OCEAN CITY – With the Fourth of July celebration just around the corner, local fire officials this week reminded residents and visitors to the area of the dangers associated with private fireworks.
The Ocean City Fire Marshal’s Office this week took advantage of the occasion of the Fourth of July to reiterate its policies on fireworks from public safety and enforcement standpoints. Ocean City ordinances differ somewhat from state law and even what is allowed in Worcester County at-large.
For example, while certain ground-based fireworks such as cylindrical and cone fountains are legal in Maryland and in Worcester County, they are not legal to use or possess within the confines of Ocean City. All other explosive fireworks, designated as Class C fireworks, which are often sold in neighboring states, are not legal anywhere in Maryland including Ocean City and Worcester County.
However, certain hand-held fireworks such as sparklers, snap and pops, black cobra snakes and party poppers are allowed to be used and possessed in Ocean City and throughout the state. Essentially, the distinction appears to be anything that includes explosives is generally not allowed anywhere, while other somewhat harmless fireworks are permitted.
Ocean City Fire Marshal Sam Villani said this week his officers would be out all next week monitoring the sale and use of illegal fireworks in the resort.
“We generally keep a pretty close eye on it, especially as the Fourth approaches,” he said. “We’ll monitor the retail side to make sure the illegal stuff doesn’t make it onto the shelves, and we rely on the police department to monitor what’s going on out on the streets or on the beach.”
While there haven’t been too many serious injuries reported in the resort area in recent years, Villani reminded area residents and visitors to use common sense when handling fireworks, legal or otherwise.
“Generally, it seems like everybody knows what the rules are and fortunately, we haven’t seen a lot of bad injuries in recent years. There have been burns reported and other minor injuries, but we haven’t seen any instances where somebody is losing a finger or an eye.”
When asked about the best advice for handling and enjoying personal fireworks, Villani’s response was simple.
“My best advice to go out and enjoy the professional displays,” he said. “There are plenty of opportunities to view professional fireworks on the Fourth of July from one end of the town to the other.”
The Worcester County Fire Marshal’s Office is offering similar advice. Worcester’s fireworks law parallels state law with a few minor exceptions and is generally not as stringent as the laws on the books in Ocean City.
“The county allows ground-based fireworks that are legal in Maryland but are not legal over in Ocean City,” said Deputy Fire Marshal Matt Owens this week. “We know a lot of people will be having Fourth of July parties next week and private fireworks displays are part of that. We just urge everybody to use the legal fireworks and, by all means, handle them with care. We don’t want anybody to lose any fingers or toes.”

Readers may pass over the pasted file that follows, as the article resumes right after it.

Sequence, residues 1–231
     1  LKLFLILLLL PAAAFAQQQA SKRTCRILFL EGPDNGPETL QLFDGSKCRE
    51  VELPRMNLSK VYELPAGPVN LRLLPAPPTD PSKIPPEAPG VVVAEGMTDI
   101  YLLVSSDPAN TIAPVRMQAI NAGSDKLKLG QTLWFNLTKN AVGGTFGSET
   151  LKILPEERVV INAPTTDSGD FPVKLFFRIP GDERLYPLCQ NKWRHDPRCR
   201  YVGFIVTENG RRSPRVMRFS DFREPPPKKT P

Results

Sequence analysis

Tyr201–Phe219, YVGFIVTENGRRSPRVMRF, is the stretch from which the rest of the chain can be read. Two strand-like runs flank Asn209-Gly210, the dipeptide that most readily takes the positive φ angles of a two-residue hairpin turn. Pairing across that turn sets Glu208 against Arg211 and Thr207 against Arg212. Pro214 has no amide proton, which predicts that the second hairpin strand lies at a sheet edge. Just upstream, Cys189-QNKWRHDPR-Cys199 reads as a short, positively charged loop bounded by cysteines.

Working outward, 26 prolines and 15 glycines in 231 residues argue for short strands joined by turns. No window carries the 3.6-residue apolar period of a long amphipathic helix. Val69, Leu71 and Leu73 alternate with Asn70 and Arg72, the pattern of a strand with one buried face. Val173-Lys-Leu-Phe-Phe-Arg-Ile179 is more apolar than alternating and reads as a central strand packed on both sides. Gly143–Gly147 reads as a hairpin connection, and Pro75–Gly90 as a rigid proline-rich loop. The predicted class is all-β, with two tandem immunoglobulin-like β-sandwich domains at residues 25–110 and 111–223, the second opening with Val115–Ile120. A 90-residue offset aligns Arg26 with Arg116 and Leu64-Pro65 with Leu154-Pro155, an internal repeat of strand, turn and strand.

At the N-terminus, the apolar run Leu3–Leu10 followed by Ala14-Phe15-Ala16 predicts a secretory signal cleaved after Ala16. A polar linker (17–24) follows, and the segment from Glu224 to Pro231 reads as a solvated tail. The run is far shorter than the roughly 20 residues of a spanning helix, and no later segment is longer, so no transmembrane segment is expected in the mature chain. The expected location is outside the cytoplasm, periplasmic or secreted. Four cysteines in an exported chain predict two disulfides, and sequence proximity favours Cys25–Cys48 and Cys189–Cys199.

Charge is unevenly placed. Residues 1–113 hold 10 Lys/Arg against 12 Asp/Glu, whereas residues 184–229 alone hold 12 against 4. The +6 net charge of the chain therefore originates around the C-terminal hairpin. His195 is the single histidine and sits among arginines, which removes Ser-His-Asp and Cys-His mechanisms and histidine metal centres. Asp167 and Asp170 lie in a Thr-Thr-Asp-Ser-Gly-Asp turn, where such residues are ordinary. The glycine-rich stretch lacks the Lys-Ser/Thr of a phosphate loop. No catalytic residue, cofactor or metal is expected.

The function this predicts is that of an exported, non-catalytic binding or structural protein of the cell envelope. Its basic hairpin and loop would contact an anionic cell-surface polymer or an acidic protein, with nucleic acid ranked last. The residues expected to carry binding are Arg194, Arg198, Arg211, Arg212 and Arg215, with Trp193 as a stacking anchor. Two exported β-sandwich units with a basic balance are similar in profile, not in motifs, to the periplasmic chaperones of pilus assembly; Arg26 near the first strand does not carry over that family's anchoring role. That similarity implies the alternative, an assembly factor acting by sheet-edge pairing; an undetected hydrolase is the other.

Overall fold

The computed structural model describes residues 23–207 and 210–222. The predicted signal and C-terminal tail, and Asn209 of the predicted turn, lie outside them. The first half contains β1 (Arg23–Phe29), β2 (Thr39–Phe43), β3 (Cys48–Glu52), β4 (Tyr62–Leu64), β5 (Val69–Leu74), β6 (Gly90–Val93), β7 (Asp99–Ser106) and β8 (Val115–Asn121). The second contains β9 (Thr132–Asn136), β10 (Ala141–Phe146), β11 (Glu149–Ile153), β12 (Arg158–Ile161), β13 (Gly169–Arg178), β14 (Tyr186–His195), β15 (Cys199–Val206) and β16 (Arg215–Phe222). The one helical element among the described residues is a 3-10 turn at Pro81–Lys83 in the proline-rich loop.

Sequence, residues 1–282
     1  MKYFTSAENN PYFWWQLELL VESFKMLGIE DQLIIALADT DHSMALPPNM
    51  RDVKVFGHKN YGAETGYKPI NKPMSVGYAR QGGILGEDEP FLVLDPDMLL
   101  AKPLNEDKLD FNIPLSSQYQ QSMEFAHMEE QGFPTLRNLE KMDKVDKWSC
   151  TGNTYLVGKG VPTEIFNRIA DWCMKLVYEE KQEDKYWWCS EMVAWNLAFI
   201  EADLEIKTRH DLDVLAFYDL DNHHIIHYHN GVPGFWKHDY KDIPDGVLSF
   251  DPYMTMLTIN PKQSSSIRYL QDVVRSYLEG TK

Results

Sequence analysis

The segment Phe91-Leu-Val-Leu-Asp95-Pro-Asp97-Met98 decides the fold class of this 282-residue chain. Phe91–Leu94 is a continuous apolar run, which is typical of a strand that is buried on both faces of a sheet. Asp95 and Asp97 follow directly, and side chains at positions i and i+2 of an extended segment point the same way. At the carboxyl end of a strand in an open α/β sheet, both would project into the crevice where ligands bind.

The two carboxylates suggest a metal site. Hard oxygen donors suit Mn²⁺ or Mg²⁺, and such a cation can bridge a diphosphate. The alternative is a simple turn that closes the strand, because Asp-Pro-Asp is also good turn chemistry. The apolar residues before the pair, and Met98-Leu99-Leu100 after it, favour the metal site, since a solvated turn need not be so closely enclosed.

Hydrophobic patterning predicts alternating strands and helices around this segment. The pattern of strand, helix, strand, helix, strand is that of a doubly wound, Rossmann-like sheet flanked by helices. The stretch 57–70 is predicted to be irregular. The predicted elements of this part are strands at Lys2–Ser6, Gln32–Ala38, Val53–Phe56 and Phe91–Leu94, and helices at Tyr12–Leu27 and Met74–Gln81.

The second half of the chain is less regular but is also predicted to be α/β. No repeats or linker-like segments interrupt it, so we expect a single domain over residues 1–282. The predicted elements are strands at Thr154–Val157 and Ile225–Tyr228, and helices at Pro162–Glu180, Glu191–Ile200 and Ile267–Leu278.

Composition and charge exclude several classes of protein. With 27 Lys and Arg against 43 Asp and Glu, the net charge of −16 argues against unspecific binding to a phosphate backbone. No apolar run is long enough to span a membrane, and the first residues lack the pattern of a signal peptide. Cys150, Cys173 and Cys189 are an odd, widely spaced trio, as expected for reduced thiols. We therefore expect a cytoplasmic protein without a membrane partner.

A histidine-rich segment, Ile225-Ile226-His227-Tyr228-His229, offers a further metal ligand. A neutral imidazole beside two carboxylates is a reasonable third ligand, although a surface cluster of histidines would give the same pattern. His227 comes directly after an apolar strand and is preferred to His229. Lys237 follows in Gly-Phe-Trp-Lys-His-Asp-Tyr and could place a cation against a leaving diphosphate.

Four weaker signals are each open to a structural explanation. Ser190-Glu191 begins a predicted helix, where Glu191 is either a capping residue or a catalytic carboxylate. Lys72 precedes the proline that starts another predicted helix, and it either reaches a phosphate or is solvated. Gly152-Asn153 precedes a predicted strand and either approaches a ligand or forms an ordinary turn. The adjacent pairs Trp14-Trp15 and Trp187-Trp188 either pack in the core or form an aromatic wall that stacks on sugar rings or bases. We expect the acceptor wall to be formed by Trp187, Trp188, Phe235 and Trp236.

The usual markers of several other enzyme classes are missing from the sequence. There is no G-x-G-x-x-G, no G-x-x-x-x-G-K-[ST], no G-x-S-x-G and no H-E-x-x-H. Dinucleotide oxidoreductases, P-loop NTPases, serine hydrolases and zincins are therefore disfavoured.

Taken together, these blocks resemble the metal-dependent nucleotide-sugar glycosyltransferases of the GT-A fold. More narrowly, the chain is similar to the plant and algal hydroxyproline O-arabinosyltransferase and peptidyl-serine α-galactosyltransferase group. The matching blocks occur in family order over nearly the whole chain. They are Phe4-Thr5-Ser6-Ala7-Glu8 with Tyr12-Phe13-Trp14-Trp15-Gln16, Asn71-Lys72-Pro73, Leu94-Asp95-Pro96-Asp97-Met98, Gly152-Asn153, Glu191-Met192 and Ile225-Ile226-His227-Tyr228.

Owens said his agency will implement special enforcement details in the days leading up to the holiday weekend to ensure the illegal fireworks aren’t being purchased and used.
“We want to make sure everybody has a good time, but we will also be keeping a close eye out for the illegal stuff,” he said. “Most people are doing the right thing, but there are always some who don’t.”
In the county, ground-base sparkling devices that are non-aerial and non-explosive as approved by the Maryland State Fire Marshal are legal. They include hand-held sparklers, paper-wrapped snappers containing a miniscule amount of explosive composition and ash-producing pellets known as “snakes,” for example.
All other explosive fireworks are not allowed to be possessed in Worcester, nor are they allowed to be sold or distributed in the county. Maryland law prohibits the shipping or transportation of fireworks into the state and those found with illegal fireworks are subject to confiscation and even criminal charges. Fines for possessing illegal fireworks may be as much as $250, while those found selling or distributing illegal fireworks can be fined as much as $1,000.
While most use common sense when handling fireworks, statistics show there are many who haven’t learned the lesson about the dangers of the explosives. According to the National Fire Protection Association (NFPA), nearly 10,000 people across the country were treated for fireworks-related injuries last year. According to NFPA officials, the mishandling of fireworks caused an estimated 1,800 structure fires and 700 vehicle fires, costing an estimated $39 million in direct property damage.
For that reason, NFPA officials advise Fourth of July revelers to leave fireworks to professionals and stand at least 500 feet away from professional displays. The agency also advises people to leave any are where amateurs are using fireworks. Also, if citizens discovered unexploded fireworks, they are advised not to touch them but to direct authorities to them.